Chipmaker Rout Worsens as Peak Smartphone Fears Punish Suppliersby
Semiconductors in S&P 500 trade at lowest price in 7 weeks
Apple Inc., PC companies report dissapointing forecasts
Concern that Apple Inc.’s sales travails signal the end to the boon period for smartphone makers sent semiconductor stocks into a tailspin.
A plunge of as much as 3.2 percent in makers of computer chips wiped away more than $15 billion in value, as concern that slowing sales of Apple’s iPhones will damp demand for the semiconductors that power them. All 16 members of the Standard & Poor’s 500 subindex that tracks the group tumbled, led by Skyworks Solutions Inc.’s plunge of 7 percent, the most since October.
Disappointing sales forecasts from technology giants including Apple and Microsoft Corp. have led to deep losses among makers of everything from software to computers and the components that make them work. Economic concerns are weighing down demand for new smartphones and other personal gadgets, with data Friday showing consumer spending rose less than forecast in March, wrapping up the weakest quarter in a year.
“All the markets are really challenging right now, whether it’s servers, PCs or smartphones,” Ian Ing, an analyst at MKM Partners, said. “Apple is in the middle of a weak period and investors are still digesting that. The thinking is that smartphone growth is really saturated.”
The S&P 500 fell 1.1 percent at 2:11 p.m. in New York, with technology shares losing 1.3 percent. The semiconductor index dropped 3.1 percent, the most among 24 groups in the broader gauge.
At the heart of concerns for chipmakers are difficulties they face in adapting to slowing markets in both the U.S. and China, Ing said. Analysts now project the industry’s first-quarter earnings will fall 7 percent, compared to a 6.5 percent decline expected a week ago. Analysts see a full-year profit decline of 9 percent.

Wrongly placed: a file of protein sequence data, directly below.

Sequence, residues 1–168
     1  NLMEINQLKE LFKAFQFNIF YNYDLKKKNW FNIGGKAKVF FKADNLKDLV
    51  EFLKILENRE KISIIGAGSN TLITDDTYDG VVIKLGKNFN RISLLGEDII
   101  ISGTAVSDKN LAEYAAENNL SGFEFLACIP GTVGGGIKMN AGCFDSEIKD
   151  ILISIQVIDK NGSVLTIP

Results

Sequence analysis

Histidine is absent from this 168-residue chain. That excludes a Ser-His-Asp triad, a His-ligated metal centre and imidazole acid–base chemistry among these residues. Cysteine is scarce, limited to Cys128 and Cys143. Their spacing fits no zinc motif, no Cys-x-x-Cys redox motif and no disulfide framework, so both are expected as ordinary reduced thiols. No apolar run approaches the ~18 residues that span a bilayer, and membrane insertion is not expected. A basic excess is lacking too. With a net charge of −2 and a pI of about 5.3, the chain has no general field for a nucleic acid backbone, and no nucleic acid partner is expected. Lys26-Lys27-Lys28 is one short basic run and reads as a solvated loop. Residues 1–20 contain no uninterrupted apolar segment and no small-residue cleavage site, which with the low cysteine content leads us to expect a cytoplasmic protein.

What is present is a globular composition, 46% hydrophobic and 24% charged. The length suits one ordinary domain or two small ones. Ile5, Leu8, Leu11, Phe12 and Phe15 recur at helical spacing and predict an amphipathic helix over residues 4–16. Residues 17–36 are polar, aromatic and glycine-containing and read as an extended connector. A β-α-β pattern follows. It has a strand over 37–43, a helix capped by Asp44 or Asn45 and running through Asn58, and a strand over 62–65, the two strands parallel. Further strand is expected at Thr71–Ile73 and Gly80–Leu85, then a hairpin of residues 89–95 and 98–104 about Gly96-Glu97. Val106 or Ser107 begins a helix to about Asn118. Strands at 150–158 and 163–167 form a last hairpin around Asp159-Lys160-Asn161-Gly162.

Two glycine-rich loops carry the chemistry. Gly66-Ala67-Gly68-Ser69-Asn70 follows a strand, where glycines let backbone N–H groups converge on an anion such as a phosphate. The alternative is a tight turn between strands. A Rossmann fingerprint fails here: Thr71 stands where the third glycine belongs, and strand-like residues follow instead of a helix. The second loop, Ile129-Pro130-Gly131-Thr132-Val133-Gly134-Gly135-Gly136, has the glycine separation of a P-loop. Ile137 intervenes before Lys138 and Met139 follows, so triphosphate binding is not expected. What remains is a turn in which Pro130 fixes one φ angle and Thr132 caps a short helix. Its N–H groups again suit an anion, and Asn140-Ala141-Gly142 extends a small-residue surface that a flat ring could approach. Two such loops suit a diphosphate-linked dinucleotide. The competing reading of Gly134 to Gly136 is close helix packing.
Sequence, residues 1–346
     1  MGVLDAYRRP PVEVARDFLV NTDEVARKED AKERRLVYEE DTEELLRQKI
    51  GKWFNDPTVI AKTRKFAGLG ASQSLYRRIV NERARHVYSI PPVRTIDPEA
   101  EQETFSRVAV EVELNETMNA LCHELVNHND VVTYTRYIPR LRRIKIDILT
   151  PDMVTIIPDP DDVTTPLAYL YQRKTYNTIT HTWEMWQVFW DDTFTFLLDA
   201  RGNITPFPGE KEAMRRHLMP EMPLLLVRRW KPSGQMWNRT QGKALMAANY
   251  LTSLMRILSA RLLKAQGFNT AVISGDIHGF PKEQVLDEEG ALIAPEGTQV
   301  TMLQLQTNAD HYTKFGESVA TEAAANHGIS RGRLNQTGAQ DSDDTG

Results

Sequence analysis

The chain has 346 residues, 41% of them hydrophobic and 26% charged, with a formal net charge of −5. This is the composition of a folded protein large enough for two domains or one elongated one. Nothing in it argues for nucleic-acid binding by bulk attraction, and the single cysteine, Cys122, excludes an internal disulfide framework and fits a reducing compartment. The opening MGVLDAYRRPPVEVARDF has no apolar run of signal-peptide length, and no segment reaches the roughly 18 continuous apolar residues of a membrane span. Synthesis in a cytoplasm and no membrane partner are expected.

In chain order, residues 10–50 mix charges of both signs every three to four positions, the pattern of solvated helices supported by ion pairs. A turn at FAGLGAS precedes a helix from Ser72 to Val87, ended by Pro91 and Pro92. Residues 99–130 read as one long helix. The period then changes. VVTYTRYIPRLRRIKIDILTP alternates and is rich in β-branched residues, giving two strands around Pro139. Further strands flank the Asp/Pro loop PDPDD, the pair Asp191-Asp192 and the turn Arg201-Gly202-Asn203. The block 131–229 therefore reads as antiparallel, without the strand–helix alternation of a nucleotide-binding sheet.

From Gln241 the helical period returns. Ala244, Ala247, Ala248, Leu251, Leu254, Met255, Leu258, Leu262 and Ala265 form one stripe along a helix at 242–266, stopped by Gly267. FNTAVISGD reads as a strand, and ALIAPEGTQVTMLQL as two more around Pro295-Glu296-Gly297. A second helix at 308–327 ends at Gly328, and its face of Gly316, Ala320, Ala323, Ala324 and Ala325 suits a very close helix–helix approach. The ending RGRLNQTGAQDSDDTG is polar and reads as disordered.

Losses in the tech sector accelerated Friday as Seagate Technology Plc and Western Digital Corp., makers of data storage products, both reported results that missed estimates and said future sales will fall short of analyst forecasts. The companies’ shares fell at least 13 percent as concern that slumping PC sales will continue to weigh on their valuations.
Apple has plunged 12 percent in the past five days and is mired in its longest losing streak since 2013, after reporting on Tuesday its first quarterly revenue contraction in more than a decade and forecasting another decline in its next results.
Micron Technology Inc. fell 5.5 percent on Friday, an about-face from gains just before Apple reported earnings, when the chipmaker saw its best day since January. Apple is Micron’s third-biggest customer, according to data compiled by Bloomberg.
Texas Instruments Inc., which relies on Apple for 11 percent of its revenue according to Bloomberg data, plunged 2.9 percent. The suppliers’ pain was magnified at the end of the week after billionaire investor Carl Icahn said he had sold a remaining $4.8 billion stake in Apple amid concern the company will struggle to sell in China.
Among other companies declining on first-quarter earnings, semiconductor maker Xilinx Inc. saw it’s biggest two-day slide since October following its report Wednesday. Intel Inc., the biggest maker of computer chips, fell in sympathy, tumbling 2.8 percent as it careens toward its worst week since Feb. 5. The company earlier this month said it would slash 12,000 jobs after forecasting sales below analyst estimates.